Understanding managed video services, Part 1

Six ways businesses can use managed video for security and operations improvement


Customers employing managed video services can look to increase safety, improve processes, tighten operations and reduce manpower with a lower initial capital investment. Other benefits may include reduced liability, insurance costs, employee and customer theft and false alarms.

The scope of available video services is growing as customers and vendors identify new needs and opportunities. Here is a look at six of the managed video services currently available.

#1: Video Verification - When a burglar alarm is received, the vendor's trained operators use cameras to remotely view the customer's facility indoors or outdoors to determine if the event warrants calling first responders or is a non-critical false positive. This service helps reduce the need for security guards. Additionally, it can help reduce costly fines now assessed by many municipalities for false alarms.

#2: Video Guard Tour - At scheduled times, vendor operators use cameras to "tour" a customer's facility, both interior and exterior, looking for open doors, lights left on and other suspicious activities. Upon suspicion of certain activities, the operators notify the appropriate party. Guard requirements can be effectively reduced and in certain situations eliminated entirely.

#3: Video Escort - Employees can phone the vendor's monitoring center and request to have an operator use the video system to observe them between their car in the parking lot and the facility entrance, especially at opening and closing times. This is ideal for high-risk locations or where employees handle large amounts of cash or other high-value inventory.

#4: Unattended Delivery - Designed for use by retailers, this service allows an operator to monitor the delivery of merchandise after regular store hours, eliminating the need for a security guard or other employee to be present. When he arrives, a delivery driver uses secure methods to enter the facility and to indicate a delivery is in progress. Select portions of the burglar alarm system are disarmed. The operator, when alerted to the event, views live video from pre-defined camera views to observe the driver during the delivery. If suspicious activity is observed, the operator will follow the instructions provided by the customer. The advantages include reduced overtime for store employees staying to oversee late night deliveries, the ability for a store manager to manage instead of supervising a loading dock and increased sales due to new merchandise being available at the start of the business day.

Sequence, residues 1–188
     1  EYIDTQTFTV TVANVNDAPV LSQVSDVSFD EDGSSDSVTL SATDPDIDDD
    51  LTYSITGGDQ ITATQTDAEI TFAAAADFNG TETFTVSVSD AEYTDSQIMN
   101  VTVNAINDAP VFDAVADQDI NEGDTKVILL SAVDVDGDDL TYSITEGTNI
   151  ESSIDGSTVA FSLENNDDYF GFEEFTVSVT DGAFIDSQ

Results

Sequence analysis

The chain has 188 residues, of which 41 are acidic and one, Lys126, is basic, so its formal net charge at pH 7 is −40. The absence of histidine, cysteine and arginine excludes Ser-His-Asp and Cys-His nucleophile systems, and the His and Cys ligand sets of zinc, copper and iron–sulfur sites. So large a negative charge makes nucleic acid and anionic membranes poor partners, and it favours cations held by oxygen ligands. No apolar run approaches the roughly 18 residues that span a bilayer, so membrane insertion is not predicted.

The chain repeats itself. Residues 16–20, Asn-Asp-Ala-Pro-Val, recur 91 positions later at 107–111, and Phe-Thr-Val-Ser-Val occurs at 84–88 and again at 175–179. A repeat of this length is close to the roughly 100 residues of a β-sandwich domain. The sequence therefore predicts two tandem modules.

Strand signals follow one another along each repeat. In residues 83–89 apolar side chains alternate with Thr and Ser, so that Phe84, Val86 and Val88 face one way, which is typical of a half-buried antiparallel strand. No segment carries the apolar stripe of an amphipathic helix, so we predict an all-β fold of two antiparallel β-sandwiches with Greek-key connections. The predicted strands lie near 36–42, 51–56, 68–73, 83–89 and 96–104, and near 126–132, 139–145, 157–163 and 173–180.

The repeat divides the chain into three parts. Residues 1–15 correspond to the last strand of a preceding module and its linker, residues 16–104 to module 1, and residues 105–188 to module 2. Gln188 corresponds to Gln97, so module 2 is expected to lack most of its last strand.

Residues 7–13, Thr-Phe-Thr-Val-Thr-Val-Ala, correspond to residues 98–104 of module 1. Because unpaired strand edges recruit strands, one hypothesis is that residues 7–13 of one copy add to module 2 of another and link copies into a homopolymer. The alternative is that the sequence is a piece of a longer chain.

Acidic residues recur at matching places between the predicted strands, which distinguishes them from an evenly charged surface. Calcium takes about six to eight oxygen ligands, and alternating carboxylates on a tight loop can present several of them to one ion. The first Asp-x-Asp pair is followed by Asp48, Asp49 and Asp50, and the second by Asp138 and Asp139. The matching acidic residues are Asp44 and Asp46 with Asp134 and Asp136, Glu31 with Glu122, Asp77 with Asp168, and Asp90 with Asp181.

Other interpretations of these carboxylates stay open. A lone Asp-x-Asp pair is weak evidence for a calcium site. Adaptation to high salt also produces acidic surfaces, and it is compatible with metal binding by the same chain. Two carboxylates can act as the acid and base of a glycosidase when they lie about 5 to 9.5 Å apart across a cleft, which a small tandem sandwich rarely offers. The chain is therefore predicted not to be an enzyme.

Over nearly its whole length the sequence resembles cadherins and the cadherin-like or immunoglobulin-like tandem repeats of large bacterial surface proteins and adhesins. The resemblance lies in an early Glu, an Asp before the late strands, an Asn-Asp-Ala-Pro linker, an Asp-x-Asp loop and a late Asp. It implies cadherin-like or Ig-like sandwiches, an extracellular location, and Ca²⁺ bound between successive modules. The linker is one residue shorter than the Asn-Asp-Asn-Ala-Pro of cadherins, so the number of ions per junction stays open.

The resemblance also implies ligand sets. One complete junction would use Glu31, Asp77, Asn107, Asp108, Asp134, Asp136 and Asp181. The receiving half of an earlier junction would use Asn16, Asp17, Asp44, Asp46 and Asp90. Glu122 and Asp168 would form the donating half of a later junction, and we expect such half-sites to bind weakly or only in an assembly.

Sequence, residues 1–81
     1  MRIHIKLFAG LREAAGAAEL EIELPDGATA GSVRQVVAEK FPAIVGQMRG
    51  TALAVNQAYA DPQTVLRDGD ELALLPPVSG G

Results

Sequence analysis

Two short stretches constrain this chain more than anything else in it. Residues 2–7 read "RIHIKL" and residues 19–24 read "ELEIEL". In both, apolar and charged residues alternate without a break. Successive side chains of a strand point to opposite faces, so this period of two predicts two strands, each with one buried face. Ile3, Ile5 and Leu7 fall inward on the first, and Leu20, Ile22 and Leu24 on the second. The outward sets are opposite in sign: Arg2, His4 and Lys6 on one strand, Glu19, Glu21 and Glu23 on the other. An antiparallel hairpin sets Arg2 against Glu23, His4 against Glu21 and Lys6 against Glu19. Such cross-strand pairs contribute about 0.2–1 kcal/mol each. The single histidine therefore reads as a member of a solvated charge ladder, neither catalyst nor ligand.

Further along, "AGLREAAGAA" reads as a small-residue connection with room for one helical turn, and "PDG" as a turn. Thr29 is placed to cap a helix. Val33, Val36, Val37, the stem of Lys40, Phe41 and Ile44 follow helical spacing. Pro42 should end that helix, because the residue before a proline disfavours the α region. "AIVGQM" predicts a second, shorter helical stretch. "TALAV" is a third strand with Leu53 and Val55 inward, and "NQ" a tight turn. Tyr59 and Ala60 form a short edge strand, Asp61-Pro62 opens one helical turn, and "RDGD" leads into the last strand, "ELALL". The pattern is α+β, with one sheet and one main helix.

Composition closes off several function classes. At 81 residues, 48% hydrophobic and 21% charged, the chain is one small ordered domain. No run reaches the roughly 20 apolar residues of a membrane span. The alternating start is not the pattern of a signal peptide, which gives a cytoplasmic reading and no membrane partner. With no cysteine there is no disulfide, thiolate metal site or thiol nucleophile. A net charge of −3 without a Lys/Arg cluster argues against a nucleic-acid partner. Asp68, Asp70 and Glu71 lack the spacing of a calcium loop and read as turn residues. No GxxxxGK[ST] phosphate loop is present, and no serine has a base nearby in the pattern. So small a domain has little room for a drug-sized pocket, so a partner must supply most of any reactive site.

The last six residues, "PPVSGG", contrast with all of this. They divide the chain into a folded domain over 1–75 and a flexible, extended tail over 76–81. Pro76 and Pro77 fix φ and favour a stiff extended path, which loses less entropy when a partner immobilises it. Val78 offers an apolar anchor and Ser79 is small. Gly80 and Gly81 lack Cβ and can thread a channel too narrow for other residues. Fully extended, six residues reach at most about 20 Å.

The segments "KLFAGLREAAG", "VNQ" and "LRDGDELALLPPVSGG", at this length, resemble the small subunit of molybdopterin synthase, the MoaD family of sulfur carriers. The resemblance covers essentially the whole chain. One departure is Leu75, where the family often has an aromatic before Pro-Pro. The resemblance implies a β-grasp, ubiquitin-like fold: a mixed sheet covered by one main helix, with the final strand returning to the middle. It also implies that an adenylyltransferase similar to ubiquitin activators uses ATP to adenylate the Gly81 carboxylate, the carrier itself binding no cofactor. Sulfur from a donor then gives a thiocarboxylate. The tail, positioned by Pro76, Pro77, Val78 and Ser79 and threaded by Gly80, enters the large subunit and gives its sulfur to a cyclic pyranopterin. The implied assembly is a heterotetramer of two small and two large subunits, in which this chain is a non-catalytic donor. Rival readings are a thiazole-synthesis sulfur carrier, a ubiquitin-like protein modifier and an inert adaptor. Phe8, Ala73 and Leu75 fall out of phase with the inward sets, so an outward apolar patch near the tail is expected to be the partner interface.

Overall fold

#5: Video Audits -This service takes video to a new level, allowing trained operators to view both live and recorded video and associate it with specific alarm events, procedures and policies. Reports, complete with attached video and still images, summarize a location's performance on a pass-fail basis.

#6: Video Assist - Should a customer's employee notice a suspicious person in a monitored facility, he or she can push a hidden button and connect to the burglar alarm panel, notifying the vendor's operators at the central monitoring station. The operator is presented with appropriate views of the site and an audio connection is established. The operator can then interact with the employee so that the suspicious person becomes aware that his activities are being monitored. The operator can then take appropriate action up to and including dispatching law enforcement. This service can be helpful to convenience stores, gas stations and other retail facilities that are open late at night and are often staffed by a single employee.

The second installment of this 2-part column will address IT impacts of implementing managed video services.

About the author: Jay Hauhn is the chief technical officer for Boca Raton, Fla.-based ADT Security Services.